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“TMX Market Incident”: All Toronto Stock Exchange, TMX Systems Down, Will Not Reopen Friday

UPDATE: The Toronto Exchange will not be opening for the rest of the day as per the latest exchange update:

TMX has decided to shut down all markets for the remainder of the day. Trading will not resume today, including market on close. We apologize for the inconvenience. Further updates will be provided.

* * *

The TMX Group, operator of the Toronto Stock Exchange and the Montreal Exchange, says technical problems have affected the Toronto Stock Exchange, Montreal Exchange and other markets.

Trading on the exchange reportedly stopped at 1:39pm local time, after which point no users were able to connect to exchanges. TMX says it’s investigating, providing updates.

Please be aware that TMX equity markets are experiencing issues with trading, all users are equally impacted and are unable to connect to our Exchanges. We apologize for the inconvenience and continue to investigate. Further updates will be provided.

According to subsequent updates by TMX, which classifies today’s anomaly as a “Markets Incident“, the event continues:

  • UPDATE 2 – Please be aware that TMX continues to experience issues on all markets. We apologize for the inconvenience. Further updates will be provided.
  • UPDATE 3 – Please be aware that all TMX markets continue to experience issues. We apologize for the inconvenience. Further updates will be provided.

The S&P/TSX Index was up 31 points or 0.2 per cent at 1:39 p.m., the last time Friday’s trading volume was updated on all charts. It appears the Toronto Venture Exchange also went down at the same time.




TSX falls 373 points as commodities sell off again

TSX falls 373 points as commodities sell off again

Canadian dollar loses almost half a cent to close at 74.66 cents US.

Canada’s benchmark stock index lost almost 2.8 per cent on another bleak Monday for commodities like oil, gold and copper.

The S&P/TSX Composite Index lost 373 points to close at 13,004. That’s the lowest level for Canada’s benchmark stock index since October 2013.

The TSX is now down by almost six per cent since the start of September. If that holds until Wednesday, the last day of the month, it will be the worst month for the index since 2012, and the June-to-September period would be the worst three-month period for Canada’s benchmark stock index since 2011.

Almost all of the sub-sectors were lower. Commodities were especially hard hit as the December gold contract fell $13.40 to $1,132.20 US an ounce and the November crude oil contract was down $1.23 at $44.47 US a barrel.

The gloom in commodities was largely tied to more news out of China about that country’s slowing economy. Profits at Chinese industrial firms dropped by the largest amount on record since Beijing started releasing the data in 2011.

“Whenever the market is down, the first place to look these days is China,” John Manley, chief equity strategist at Wells Fargo Fund Management, told The Associated Press.

“Right now, we need evidence that China is not slowing that much and that profits are still going to be OK.”

Alcoa splitting in two

In corporate news, one of the world’s largest mining companies, Alcoa, was a bright spot for mining stocks with the stock rising about six per cent on the NYSE. But that optimism was only because the company announced it was splitting itself into two, to insulate its growing and profitable aerospace and automotive business from its sagging base metals business, which primarily consists of aluminum assets.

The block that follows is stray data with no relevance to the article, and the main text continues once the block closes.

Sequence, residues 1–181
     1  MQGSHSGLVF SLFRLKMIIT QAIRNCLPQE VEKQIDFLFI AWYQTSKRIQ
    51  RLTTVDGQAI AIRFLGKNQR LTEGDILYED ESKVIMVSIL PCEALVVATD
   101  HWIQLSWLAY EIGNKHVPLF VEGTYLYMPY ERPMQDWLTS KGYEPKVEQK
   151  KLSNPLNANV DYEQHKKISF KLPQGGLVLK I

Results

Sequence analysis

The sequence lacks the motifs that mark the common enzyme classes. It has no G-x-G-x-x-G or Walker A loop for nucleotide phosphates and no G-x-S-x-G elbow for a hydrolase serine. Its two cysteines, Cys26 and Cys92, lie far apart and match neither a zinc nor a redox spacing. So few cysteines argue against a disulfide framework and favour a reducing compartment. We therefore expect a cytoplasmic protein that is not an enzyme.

Prior to Monday’s bounce, Alcoa shares had lost more than 40 per cent this year as the price of metals cratered.

The Canadian dollar lost almost half a cent amid the gloom, to close at 74.66 cents US.

…click on the above link to read the rest of the article…

TSX and Dow plunge again on fears of China-led slowdown

TSX and Dow plunge again on fears of China-led slowdown

Dow in correction territory as investors hit ‘sell’ button

North American stock markets closed sharply lower again today, ending what was a dismal week for equities as fears about the global economy and falling oil prices had many investors selling.

The main benchmark index of the Toronto Stock Exchange sank to its lowest point in almost 18 months. It ended a busy trading day down 263 points, or 1.9 per cent, at 13,473. That followed a drop of almost 300 points on Thursday. Once again, the heavily weighted financial and energy groups led the declines.

“Everybody’s concerned about China,” said David Baskin, president of Baskin Wealth Management. ‘If there’s lower growth or even a recession in China, obviously that has a major impact because that’s, by most measures, the second biggest economy in the world.”

Much of the TSX’s slide stems from oil, which has now declined for eight straight weeks. That’s the longest losing streak for oil since 1986, a time when OPEC drove the price down as low as $10 a barrel. Oil settled Friday at $40.45 US a barrel, down 87 cents. At one point, it traded as low as $39.86, the first time it had dipped below $40 since 2009.

The Dow Jones industrial average plunged 531 points, or 3.1 per cent, to close at 16,460. With that drop, the Dow entered official correction territory, which refers to a drop of at least 10 per cent from its most recent high.


The broader S&P 500 index suffered its biggest daily percentage drop in nearly four years.

European concerns

European markets were also rattled by news that Greek PM Alexis Tsipras would step down and hold new elections on Sept. 20.


…click on the above link to read the rest of the article…

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